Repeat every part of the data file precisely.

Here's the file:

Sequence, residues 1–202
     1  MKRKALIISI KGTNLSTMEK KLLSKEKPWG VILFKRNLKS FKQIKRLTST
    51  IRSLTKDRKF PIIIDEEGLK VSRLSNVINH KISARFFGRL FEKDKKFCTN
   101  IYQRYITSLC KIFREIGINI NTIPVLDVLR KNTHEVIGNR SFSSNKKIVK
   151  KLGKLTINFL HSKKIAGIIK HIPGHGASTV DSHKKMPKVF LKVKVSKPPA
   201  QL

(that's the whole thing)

Sequence, residues 1–202
     1  MKRKALIISI KGTNLSTMEK KLLSKEKPWG VILFKRNLKS FKQIKRLTST
    51  IRSLTKDRKF PIIIDEEGLK VSRLSNVINH KISARFFGRL FEKDKKFCTN
   101  IYQRYITSLC KIFREIGINI NTIPVLDVLR KNTHEVIGNR SFSSNKKIVK
   151  KLGKLTINFL HSKKIAGIIK HIPGHGASTV DSHKKMPKVF LKVKVSKPPA
   201  QL